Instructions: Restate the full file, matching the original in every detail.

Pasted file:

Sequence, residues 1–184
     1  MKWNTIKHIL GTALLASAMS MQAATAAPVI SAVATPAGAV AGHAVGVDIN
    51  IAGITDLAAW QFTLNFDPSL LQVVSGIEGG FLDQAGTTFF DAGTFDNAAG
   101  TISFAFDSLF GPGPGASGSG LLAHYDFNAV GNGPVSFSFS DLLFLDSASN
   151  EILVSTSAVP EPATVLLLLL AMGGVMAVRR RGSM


Sequence, residues 1–184
     1  MKWNTIKHIL GTALLASAMS MQAATAAPVI SAVATPAGAV AGHAVGVDIN
    51  IAGITDLAAW QFTLNFDPSL LQVVSGIEGG FLDQAGTTFF DAGTFDNAAG
   101  TISFAFDSLF GPGPGASGSG LLAHYDFNAV GNGPVSFSFS DLLFLDSASN
   151  EILVSTSAVP EPATVLLLLL AMGGVMAVRR RGSM